The first two floors were entirely submerged, in keeping with the rest of the street, but despite the fact that it was clearly a post 1945 building incorporating a steel structure, the block was listing like a slowly sinking ship.
Inside, water sluiced in and out of the gaps between the stripped back floorboards now blackened with rot. Although barely visible in situ, the angle of the slope was enough to have sent the furniture sliding down towards the lower end of the room. Everything was there: large scale canvas boards, fibreglass, reels of fencing, oil paint, emulsion, stock piles of fabric, miles of circuitry, flexi-screens, cables, cables, cables, everything… an entire working lifetime’s worth of materials, source materials and then, of course, the work itself. The range of tech piled up in the void above the desk between the cupboards and the slowly slumping wall spanned several industrial revolutions. This was no amateur. The range of media and technique was such that it was impossible, given the urgency, to distinguish the artist’s work from source materials. I unpacked the padded flotation containers and started to fill them, working as quickly and carefully as I could. The work was so unusual, so unique, that even my years of experience provided little clue of how to proceed. I filled the four extra large containers I’d brought, tethered them to my harness and pushed them out across the placid surface ahead of me.
As I had feared, storms prevented me from returning for a further three days. When I did return, against the advice of the authorities and invalidating my insurance in the process, only a five storey office block on the north side was now visible. The studio and the remainder of its contents are now lost to the ever rising tide…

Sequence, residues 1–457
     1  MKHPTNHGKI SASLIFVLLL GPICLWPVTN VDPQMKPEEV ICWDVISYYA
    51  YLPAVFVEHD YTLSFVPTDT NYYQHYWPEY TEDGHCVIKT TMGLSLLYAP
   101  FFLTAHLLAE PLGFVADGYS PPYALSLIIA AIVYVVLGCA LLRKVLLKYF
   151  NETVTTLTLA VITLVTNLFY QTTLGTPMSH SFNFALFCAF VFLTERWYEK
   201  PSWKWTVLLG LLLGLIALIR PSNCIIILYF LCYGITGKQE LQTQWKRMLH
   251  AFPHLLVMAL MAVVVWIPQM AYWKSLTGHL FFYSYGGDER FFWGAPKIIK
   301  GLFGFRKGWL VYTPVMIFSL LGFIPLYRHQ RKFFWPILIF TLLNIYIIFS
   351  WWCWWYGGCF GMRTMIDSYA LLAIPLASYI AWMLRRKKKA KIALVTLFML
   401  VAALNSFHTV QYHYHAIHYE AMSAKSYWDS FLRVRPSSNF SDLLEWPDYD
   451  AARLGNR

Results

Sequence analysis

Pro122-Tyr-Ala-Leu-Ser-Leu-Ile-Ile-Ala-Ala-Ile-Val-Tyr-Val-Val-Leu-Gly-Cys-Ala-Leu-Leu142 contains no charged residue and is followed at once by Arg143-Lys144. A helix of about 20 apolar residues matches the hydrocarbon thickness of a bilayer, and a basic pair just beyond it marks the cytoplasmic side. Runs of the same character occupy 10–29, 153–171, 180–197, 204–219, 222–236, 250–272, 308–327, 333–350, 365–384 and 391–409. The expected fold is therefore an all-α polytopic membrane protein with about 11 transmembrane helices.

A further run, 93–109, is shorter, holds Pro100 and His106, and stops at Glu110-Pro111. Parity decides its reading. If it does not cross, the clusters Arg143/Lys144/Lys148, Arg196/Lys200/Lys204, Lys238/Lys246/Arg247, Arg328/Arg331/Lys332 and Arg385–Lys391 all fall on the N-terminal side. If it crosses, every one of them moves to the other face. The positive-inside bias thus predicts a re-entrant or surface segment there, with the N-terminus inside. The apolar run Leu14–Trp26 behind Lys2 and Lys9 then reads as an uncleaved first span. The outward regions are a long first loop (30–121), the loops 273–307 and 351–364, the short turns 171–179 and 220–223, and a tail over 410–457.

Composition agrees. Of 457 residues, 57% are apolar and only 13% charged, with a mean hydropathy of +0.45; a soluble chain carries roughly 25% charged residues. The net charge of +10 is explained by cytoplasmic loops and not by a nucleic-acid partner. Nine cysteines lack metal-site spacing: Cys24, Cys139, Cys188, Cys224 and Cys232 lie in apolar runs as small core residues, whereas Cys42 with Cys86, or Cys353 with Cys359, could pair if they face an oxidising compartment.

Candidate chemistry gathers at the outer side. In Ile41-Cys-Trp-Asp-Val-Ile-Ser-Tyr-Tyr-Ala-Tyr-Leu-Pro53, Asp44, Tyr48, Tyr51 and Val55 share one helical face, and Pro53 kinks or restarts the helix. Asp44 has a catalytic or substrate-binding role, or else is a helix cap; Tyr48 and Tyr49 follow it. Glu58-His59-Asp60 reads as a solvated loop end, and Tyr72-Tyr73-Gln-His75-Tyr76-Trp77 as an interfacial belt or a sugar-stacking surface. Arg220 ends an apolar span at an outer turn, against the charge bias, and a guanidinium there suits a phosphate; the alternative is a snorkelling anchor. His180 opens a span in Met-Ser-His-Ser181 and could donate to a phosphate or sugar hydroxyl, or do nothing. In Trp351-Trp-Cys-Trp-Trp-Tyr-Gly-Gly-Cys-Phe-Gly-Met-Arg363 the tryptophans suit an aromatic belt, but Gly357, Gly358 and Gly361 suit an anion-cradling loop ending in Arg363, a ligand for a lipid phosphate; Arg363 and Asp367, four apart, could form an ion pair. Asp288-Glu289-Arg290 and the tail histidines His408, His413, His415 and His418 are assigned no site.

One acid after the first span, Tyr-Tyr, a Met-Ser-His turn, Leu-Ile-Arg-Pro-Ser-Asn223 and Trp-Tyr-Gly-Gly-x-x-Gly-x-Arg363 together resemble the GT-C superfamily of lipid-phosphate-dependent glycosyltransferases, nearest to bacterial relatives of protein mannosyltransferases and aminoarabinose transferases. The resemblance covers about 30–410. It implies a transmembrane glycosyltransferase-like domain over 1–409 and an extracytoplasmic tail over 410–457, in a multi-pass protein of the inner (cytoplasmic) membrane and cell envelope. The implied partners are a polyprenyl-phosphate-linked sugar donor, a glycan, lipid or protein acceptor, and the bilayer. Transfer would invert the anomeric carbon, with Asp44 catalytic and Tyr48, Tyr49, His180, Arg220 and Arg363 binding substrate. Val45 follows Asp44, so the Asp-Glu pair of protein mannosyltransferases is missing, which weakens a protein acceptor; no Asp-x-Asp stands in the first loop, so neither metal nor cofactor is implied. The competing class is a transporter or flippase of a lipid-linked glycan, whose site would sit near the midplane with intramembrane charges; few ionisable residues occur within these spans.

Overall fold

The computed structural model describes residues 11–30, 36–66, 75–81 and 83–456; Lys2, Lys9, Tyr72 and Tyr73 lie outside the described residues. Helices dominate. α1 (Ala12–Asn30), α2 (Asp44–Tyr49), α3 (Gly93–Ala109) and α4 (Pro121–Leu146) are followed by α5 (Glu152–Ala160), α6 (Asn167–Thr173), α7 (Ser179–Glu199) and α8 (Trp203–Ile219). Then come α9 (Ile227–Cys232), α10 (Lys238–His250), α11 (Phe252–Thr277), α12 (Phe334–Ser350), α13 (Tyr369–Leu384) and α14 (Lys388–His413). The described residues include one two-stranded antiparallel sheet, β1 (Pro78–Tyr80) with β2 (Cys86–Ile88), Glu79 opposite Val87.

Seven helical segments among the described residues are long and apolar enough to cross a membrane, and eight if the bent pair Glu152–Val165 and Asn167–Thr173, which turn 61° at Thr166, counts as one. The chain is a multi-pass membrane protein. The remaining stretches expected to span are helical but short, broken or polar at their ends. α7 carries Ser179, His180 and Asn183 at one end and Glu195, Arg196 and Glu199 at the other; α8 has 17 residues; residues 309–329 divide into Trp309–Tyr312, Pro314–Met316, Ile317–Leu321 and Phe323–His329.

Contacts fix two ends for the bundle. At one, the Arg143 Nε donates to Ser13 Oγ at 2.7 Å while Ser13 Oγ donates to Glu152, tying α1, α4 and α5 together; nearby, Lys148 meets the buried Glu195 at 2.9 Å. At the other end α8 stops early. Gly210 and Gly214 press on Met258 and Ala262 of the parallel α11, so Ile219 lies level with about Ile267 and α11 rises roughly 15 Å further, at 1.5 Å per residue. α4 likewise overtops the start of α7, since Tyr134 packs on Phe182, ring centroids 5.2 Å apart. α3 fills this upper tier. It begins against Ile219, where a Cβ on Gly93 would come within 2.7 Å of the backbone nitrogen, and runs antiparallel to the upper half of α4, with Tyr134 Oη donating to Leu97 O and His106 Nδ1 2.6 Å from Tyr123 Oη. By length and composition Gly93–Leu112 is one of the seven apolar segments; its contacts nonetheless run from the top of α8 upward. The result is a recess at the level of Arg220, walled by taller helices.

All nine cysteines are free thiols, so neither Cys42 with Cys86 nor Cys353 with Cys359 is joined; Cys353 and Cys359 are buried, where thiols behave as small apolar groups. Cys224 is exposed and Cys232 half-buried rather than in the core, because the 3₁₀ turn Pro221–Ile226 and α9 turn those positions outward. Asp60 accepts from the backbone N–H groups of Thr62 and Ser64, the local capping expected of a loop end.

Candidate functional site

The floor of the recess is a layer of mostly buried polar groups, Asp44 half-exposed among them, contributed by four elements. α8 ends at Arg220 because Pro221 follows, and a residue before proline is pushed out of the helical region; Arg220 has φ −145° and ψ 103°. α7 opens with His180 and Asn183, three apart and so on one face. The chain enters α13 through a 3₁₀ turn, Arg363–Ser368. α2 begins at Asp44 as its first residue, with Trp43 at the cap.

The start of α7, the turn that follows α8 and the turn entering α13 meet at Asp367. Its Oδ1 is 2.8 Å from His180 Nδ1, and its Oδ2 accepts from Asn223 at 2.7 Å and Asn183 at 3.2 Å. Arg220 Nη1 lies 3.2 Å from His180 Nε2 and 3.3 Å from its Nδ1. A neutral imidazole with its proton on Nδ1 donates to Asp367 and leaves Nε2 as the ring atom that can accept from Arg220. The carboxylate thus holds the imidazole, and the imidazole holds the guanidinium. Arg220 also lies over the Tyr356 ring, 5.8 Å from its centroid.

North West Region
Artist: Unknown, attributed to Studio 41
In the few short months since its discovery 2015 has come to be regarded as the definitive work of this trove. Internationally, curiosity, attention and admiration has turned into fierce debate polarising critics and demanding a reappraisal of this whole period. Sutki Griffen described 2015 as “incendiary”, while Natalie Ortka has claimed that art is now discussed in terms of pre and post 2015.
Both artist and original title, assuming the figures refer to the year of production, are unknown.
Reconstructed in a vast, former military warehouse in Caithness, true immersion in this installation requires several hours, an appetite for exploration and a willingness to endure protracted sequences of confinement in almost total darkness. The overwhelming mode is sombre with recurring motifs of crescent forms expressed with varying presence, from the subtle and insidious to the bold and threatening. Transformation, metamorphosis… these are key themes evoked through the evolving wave-like structures, no two of which are the same.
At the perimeter, looking in towards the central chamber, the brittleness and fragility of the fragmented surface underfoot is eventually supplanted by its firmness in relation to the infinite expanse, the void revealing endlessly in every direction.
It is here, at the loci of 2015’s intense mystique, that interpretations differ the most and it is here that the schism begins: is the work entirely abstract, are we reading in, making shapes in the clouds, conjuring waves from chaos? Or is this some sort of uber-realism where those famous illuminations are burning stars, tiny boats dwarfed by the squall, or even lights on a distant shore?
Despite the fact that 2015 is now a reconstructed presentation and we can only imagine the impact of the original installation, to experience it is to place your feet either side of the fault-line and feel the world tremble through your soles.